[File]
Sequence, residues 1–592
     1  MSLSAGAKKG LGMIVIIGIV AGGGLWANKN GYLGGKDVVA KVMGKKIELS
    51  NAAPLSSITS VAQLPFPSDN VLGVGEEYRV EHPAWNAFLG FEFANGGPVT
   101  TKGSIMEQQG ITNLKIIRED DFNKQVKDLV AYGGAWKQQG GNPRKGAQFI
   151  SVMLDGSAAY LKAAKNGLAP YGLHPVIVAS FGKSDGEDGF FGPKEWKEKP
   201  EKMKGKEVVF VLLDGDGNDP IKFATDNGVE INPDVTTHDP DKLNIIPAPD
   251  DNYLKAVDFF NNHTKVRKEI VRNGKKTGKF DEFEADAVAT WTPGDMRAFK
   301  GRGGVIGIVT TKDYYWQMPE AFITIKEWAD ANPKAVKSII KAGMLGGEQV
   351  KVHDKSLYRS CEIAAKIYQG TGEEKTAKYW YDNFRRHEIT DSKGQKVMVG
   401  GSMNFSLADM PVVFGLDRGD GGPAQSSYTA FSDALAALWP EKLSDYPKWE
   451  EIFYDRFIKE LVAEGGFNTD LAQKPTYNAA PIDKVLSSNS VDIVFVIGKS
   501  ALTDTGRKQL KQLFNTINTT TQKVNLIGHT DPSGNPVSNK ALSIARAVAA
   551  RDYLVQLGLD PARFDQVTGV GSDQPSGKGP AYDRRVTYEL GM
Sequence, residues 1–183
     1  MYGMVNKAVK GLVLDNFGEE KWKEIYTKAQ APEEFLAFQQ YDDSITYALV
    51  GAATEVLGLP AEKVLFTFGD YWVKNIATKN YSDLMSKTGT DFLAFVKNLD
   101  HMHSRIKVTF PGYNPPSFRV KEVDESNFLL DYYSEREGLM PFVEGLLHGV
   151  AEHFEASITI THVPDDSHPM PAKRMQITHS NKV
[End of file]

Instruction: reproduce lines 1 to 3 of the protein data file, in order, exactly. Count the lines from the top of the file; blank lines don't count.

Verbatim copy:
Sequence, residues 1–592
     1  MSLSAGAKKG LGMIVIIGIV AGGGLWANKN GYLGGKDVVA KVMGKKIELS
    51  NAAPLSSITS VAQLPFPSDN VLGVGEEYRV EHPAWNAFLG FEFANGGPVT